Conservation of Momentum & Energy

Conservation of Momentum & Energy

Energy & Conservation Laws

Experimenting with KE and PE; tomb of the Diver, Paestum, Italy, 480-470 B.C; WikipediaYou stand at the top of the high dive platform, nervously looking anywhere but down. Now you jump off the board and fall, gracefully you hope, accelerating all the way to the water below, a sweet splash the only evidence of your passage. People have been diving for at least 2500 years, based on this tomb marker from early Roman times.


To get to the top of the platform, you had to do work, climbing upward, step by step. Standing on your toes at the platform edge you have lots of potential energy (due to position) and no kinetic (movement) energy. Dive, and your potential energy decreases as your kinetic energy increases – you speed up - until you slide into the water.  The energy gained as gravity accelerated you downward is transformed into friction as the water slows you down (you even heat the water a tiny bit – thermal energy) and also as kinetic energy of a splash of water upward. As an equation, it looks like this:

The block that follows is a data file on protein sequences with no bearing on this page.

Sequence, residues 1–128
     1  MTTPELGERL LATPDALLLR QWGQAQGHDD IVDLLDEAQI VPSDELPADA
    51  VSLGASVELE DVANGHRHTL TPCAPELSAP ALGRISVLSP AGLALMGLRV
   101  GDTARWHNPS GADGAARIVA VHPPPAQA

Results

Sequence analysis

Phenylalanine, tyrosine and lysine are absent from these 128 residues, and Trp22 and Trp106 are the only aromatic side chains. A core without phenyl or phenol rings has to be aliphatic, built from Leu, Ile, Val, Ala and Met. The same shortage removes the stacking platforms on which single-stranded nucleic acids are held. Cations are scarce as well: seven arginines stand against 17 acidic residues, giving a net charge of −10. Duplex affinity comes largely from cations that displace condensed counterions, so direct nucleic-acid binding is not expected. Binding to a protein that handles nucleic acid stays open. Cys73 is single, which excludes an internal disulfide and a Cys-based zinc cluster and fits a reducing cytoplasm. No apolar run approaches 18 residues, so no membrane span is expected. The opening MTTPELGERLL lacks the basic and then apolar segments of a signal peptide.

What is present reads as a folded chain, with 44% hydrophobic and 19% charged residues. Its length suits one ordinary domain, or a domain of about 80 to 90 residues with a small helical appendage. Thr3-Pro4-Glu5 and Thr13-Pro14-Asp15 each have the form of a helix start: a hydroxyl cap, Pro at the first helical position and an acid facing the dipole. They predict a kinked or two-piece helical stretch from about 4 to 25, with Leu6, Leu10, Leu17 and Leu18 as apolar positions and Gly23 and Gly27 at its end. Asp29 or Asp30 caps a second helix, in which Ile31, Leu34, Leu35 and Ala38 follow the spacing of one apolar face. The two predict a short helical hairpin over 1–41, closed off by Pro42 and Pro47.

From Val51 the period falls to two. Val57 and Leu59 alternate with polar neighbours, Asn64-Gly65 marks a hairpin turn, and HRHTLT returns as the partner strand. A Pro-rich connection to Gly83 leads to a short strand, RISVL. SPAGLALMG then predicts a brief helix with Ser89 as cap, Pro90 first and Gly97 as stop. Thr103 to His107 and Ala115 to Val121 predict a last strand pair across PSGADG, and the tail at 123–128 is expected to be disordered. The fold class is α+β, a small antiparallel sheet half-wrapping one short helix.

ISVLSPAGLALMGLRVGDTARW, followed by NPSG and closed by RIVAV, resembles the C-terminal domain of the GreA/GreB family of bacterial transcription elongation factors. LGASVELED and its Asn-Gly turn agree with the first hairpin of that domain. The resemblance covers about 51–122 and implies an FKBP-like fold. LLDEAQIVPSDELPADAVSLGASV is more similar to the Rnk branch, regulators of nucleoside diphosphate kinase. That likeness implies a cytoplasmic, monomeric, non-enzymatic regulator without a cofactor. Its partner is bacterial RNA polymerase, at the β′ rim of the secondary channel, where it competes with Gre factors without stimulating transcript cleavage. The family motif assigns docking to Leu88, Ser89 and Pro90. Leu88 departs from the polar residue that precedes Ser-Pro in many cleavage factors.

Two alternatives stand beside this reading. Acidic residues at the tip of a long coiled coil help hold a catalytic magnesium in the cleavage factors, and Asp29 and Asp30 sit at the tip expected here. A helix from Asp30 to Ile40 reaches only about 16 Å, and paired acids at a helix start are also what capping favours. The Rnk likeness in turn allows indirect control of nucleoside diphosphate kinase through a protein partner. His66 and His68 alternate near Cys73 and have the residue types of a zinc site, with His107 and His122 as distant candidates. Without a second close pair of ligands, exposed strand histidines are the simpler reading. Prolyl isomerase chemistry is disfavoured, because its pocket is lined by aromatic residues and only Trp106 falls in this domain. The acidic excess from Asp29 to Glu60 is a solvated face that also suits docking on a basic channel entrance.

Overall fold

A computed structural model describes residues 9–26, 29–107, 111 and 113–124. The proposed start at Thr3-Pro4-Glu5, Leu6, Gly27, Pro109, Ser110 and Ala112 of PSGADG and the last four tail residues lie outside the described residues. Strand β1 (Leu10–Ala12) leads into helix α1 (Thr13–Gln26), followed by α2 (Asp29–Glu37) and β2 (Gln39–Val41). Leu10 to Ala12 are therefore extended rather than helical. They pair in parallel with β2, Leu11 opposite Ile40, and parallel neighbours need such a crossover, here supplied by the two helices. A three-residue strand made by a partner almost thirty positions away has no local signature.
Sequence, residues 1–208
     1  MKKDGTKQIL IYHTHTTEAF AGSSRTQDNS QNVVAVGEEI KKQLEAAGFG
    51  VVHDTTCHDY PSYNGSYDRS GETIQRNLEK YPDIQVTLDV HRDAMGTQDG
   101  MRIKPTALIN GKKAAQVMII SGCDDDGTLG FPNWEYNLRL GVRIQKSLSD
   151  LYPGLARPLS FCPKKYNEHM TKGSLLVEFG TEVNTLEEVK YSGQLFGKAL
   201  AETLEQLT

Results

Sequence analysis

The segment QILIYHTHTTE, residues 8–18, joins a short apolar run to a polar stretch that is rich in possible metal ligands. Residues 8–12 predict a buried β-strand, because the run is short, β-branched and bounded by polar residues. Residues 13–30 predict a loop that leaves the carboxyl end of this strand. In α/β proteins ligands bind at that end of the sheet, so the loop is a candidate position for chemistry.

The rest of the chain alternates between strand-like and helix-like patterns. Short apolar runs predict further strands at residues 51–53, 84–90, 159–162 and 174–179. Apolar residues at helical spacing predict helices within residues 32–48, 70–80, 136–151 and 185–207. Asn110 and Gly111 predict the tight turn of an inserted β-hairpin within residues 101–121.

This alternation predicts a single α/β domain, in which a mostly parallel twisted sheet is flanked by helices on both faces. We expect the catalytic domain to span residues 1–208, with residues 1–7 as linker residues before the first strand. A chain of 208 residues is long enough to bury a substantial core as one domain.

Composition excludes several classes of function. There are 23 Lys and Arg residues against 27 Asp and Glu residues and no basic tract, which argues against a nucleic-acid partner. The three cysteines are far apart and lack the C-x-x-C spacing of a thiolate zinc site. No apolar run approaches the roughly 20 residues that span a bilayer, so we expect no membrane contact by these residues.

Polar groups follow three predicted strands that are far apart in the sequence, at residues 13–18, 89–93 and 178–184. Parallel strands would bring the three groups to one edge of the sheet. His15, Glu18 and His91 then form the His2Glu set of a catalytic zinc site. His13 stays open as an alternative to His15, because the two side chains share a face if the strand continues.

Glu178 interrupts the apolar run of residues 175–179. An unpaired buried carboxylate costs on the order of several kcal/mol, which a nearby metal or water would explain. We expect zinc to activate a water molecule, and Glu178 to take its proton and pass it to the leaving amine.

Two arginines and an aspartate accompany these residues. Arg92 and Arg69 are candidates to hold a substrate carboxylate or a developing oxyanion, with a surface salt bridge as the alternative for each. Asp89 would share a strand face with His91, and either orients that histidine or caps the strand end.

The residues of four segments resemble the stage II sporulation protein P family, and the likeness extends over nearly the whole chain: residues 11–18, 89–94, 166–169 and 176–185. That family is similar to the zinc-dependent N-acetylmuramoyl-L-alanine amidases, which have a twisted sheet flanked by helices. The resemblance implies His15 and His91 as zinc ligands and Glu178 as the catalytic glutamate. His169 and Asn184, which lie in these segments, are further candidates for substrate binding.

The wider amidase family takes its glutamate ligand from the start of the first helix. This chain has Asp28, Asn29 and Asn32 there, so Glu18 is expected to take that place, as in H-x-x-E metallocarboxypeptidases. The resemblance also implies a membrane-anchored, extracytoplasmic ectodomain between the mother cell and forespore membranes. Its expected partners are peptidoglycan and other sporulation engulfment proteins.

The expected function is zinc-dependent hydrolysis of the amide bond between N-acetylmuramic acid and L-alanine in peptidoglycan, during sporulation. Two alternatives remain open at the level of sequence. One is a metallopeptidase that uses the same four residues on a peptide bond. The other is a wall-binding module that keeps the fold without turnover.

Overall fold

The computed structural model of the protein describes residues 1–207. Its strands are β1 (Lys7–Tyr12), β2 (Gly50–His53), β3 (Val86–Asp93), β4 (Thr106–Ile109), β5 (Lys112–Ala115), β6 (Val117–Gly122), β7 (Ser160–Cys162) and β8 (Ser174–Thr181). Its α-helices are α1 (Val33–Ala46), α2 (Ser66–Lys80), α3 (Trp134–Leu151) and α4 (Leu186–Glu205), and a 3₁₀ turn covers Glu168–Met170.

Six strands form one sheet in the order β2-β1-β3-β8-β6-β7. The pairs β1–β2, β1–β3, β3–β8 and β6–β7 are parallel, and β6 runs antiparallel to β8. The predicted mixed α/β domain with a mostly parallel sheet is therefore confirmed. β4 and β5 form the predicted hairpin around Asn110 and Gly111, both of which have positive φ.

Total energy = potential energy + kinetic energy + frictional energy + splash energy TE = PE + KE + FE + SE

The latter two are usually ignored because they are generally not as important in terms of quantity of energy as PE and KE (and they are usually harder to measure).


This is a good example of the transfer of energy from one type to another.  In the ideal world (which is what physics textbooks consider, ignoring friction and other complicating factors) nothing is created or lost, it only changes form. We have seen how objects behave under the laws of motion set forth originally by Isaac Newton. Conservation laws (such as conservation of energy, mass and momentum) are just as fundamental in describing how the universe works.  In short, these laws state that the total energy, mass or momentum of any closed system remains the same. Oh, to be sure, these things can be converted to other forms of energy. But the total amount, when all transformations are accounted for, remains the same.

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